Fig. 4.

The OKR adaptation after training protocols with combination of different amplitude of drum rotations. (A) The OKR training protocol was composed of serial combination of 20 min OKR training with 0.5 Hz and 2.5° drum oscillation, 20 min OKR training with 0.5 Hz and 5° drum oscillation, and 20 min OKR training with 0.5 Hz and 10° drum oscillation. The increase in OKR gain was obtained from 0.203 ± 0.050 to 0.598 ± 0.033 following 20 min OKR training with 0.5 Hz and 2.5° drum oscillation, slightly increased to 0.707 ± 0.038 following 20 min OKR training with 0.5 Hz and 5° drum oscillation, and decreased to 0.542 ± 0.151 following 20 min OKR training with 0.5 Hz and 10° drum oscillation. Then, the OKR gain after 24 hr in the dark was 0.664 ± 0.051 (n = 5). (B) The OKR training protocol was composed of serial combination of 20 min OKR training with 0.5 Hz and 10° drum oscillation, 20 min OKR training with 0.5 Hz and 5° drum oscillation, and 20 min OKR training with 0.5 Hz and 2.5° drum oscillation. The increase in OKR gain was obtained from 0.229 ± 0.036 to 0.406 ± 0.088 following 20 min OKR training with 0.5 Hz and 10° drum oscillation, further increased to 0.674 ± 0.038 following 20 min OKR training with 0.5 Hz and 5° drum oscillation, and slightly increased to 0.735 ± 0.045 following 20 min OKR training with 0.5 Hz and 2.5° drum oscillation. Then, the OKR gain after 24 hr in the dark was 0.731 ± 0.048 (n = 5). (C) Comparison of OKR gain increase immediately after the 60 min training between two protocols showed that the average ratio of post-training hOKR gain to pre-training hOKR gain did not exhibit significant difference between two protocols (p = 0.095, Mann-Whitney U test).

3. Results
3.1 The hOKR Adaptation after Training Protocols with Different Frequency

The OKR adaptation was investigated by measuring OKR gain change after 60 min training of which the protocol consisted of optokinetic drum oscillation with same amplitude and different frequency. After 60 min OKR training with 0.25 Hz and 5° drum oscillation, OKR gain increased from 0.190 ± 0.046 to 0.754 ± 0.074 (Fig. 1A, n = 5). Then, mice were kept for 24 hr in the dark, and OKR gain at the end of 24 hr in the dark was 0.771 ± 0.049 (Fig. 1A). After 60 min OKR training with 0.5 Hz and 5° drum oscillation, OKR gain increased from 0.248 ± 0.078 to 0.776 ± 0.060. Then, the OKR gain after 24 hr in the dark was 0.753 ± 0.052 (Fig. 1B, n = 5). After 60 min OKR training with 1 Hz and 5° drum oscillation, OKR gain increased from 0.233 ± 0.023 to 0.329 ± 0.015. Then, the OKR gain after 24 hr in the dark was 0.447 ± 0.018 (Fig. 1C, n = 5). The quantity of OKR gain increase immediately after the 60 min OKR training was evaluated among three training protocols. The average ratio of post-training OKR gain to pre-training OKR gain was 413.7 ± 91.9% in 0.25 Hz and 5° group, 342.0 ± 126.9% in 0.5 Hz and 5° group, and 142.4 ± 15.7% in 1 Hz and 5° group, which was significantly different among groups (Fig. 1D, p = 0.008, Kruskal–Wallis test).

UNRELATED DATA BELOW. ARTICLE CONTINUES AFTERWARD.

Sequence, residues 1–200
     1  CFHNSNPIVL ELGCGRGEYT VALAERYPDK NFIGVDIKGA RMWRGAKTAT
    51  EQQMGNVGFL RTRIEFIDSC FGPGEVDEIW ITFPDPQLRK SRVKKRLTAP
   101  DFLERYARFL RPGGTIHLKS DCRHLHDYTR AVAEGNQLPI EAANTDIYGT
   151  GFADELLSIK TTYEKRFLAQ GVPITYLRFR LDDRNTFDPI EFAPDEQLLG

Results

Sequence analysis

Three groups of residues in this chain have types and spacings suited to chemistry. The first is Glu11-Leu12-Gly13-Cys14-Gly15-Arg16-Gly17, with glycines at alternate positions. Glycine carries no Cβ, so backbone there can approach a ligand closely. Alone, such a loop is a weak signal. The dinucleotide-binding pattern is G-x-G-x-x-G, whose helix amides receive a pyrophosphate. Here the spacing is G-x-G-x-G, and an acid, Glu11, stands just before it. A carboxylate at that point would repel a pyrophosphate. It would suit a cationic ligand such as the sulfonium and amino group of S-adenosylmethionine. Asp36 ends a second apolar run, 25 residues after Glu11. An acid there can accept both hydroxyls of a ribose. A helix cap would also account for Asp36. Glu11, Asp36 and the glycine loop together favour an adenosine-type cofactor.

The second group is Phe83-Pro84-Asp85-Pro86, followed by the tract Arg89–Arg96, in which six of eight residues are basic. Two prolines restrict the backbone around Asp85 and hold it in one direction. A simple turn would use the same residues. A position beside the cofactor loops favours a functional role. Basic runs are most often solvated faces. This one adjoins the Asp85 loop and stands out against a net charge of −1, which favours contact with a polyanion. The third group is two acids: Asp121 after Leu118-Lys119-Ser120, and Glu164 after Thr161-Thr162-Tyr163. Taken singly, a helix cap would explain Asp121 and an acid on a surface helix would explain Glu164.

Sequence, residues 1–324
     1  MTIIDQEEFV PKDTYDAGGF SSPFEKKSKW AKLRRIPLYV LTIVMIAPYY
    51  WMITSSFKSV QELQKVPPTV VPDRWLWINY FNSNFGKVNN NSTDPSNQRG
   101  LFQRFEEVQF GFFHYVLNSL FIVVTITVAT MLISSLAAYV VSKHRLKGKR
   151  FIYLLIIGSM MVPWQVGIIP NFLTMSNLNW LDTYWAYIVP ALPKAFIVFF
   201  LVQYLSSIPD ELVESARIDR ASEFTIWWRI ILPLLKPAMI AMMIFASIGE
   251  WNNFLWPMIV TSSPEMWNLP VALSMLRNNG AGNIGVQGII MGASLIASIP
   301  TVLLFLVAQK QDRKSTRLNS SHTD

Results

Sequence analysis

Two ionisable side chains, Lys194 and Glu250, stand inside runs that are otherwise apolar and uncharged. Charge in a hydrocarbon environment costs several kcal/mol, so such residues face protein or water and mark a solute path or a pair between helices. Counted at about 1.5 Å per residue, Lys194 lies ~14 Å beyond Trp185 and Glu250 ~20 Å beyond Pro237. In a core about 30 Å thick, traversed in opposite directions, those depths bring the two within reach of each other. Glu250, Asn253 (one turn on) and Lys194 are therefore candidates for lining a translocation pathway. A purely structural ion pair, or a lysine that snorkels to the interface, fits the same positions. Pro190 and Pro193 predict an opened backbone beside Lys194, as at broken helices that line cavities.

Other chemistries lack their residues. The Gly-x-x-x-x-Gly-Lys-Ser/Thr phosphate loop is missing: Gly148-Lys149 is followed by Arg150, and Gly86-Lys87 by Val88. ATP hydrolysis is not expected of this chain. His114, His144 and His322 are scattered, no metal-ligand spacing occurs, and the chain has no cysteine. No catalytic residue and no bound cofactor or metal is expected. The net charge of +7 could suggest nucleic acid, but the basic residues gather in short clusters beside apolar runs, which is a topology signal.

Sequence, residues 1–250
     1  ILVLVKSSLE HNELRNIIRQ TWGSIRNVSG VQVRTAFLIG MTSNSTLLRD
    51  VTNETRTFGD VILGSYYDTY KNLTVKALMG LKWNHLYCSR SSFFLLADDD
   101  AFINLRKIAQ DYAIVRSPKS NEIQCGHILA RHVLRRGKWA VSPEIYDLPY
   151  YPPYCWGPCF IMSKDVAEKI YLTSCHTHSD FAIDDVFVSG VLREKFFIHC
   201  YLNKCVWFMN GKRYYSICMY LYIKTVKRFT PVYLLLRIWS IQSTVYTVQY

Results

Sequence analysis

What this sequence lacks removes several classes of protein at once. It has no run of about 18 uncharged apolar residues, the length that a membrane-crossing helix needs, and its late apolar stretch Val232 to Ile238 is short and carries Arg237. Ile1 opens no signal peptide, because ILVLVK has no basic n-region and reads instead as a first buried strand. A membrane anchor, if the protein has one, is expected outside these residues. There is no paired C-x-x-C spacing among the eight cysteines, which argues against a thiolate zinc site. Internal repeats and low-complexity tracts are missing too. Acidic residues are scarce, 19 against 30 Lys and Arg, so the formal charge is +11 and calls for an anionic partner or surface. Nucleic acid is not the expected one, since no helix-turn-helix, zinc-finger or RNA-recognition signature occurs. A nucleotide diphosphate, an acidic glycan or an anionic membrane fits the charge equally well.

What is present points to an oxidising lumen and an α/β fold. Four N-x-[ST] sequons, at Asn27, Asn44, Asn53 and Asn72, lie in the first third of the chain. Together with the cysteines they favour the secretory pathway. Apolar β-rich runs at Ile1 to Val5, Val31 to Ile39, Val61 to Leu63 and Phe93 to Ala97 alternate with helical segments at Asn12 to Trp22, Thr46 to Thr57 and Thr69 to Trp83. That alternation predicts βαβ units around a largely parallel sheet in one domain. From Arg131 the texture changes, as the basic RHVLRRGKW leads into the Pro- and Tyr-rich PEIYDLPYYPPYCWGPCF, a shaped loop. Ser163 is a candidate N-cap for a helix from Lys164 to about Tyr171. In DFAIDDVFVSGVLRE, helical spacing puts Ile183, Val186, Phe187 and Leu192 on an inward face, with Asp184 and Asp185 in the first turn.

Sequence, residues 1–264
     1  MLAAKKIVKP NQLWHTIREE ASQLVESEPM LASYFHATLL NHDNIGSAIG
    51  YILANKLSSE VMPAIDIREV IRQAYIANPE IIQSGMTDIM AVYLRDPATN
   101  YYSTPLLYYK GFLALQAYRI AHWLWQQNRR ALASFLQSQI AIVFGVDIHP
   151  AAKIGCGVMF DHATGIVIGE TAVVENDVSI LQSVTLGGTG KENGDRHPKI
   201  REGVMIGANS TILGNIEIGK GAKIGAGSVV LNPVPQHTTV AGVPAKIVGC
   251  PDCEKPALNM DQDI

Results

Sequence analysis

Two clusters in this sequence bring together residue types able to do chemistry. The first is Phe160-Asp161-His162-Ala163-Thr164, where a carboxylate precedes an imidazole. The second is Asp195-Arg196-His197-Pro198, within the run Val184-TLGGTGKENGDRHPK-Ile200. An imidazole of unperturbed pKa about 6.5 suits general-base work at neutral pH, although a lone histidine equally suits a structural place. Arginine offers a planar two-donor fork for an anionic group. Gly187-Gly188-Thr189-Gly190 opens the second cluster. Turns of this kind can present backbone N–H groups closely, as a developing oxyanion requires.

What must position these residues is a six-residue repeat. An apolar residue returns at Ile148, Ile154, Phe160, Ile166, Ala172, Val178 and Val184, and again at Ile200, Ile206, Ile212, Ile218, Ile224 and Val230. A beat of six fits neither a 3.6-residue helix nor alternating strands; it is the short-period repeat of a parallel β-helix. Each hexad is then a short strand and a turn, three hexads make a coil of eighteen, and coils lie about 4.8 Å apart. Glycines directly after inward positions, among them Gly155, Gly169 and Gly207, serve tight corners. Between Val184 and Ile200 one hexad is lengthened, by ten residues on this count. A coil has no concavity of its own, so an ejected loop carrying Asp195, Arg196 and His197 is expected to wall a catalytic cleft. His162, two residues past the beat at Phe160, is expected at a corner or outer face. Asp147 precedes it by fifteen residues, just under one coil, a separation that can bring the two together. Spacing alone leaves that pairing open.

3.2 The hOKR Adaptation after Training Protocols with Different Amplitude

Then, we investigated the amount of OKR adaptation after training protocols with different amplitude of drum oscillation. After 60 min OKR training with 0.5 Hz and 2.5° drum oscillation, OKR gain increased from 0.182 ± 0.030 to 0.740 ± 0.063 (Fig. 2A, n = 5). Then, mice were maintained for 24 hr in the dark, and OKR gain at the end of 24 hr in the dark was 0.760 ± 0.039 (Fig. 2A). After 60 min OKR training with 0.5 Hz and 5° drum oscillation, as shown in Fig. 1B, OKR gain was enhanced from 0.248 ± 0.078 to 0.776 ± 0.060. Then, the OKR gain after 24 hr in the dark was 0.753 ± 0.052 (Fig. 2B, n = 5). After 60 min OKR training with 0.5 Hz and 10° drum oscillation, the increase of OKR gain was obtained from 0.196 ± 0.044 to 0.516 ± 0.053. Then, the OKR gain after 24 hr in the dark was 0.609 ± 0.050 (Fig. 2C, n = 5). The amount of OKR gain increase immediately after the 60 min OKR training was evaluated among three training protocols. The average ratio of post-training OKR gain to pre-training OKR gain was 413.3 ± 65.2% in 0.5 Hz and 2.5° group, 342.0 ± 126.9% in 0.5 Hz and 5° group, and 276.0 ± 72.6% in 0.5 Hz and 10° group, which was significantly different among groups (Fig. 2D, p = 0.031, Kruskal–Wallis test).